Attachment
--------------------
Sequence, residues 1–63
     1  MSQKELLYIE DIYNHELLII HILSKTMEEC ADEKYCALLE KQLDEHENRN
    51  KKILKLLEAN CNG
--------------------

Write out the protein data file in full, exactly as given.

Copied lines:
Sequence, residues 1–63
     1  MSQKELLYIE DIYNHELLII HILSKTMEEC ADEKYCALLE KQLDEHENRN
    51  KKILKLLEAN CNG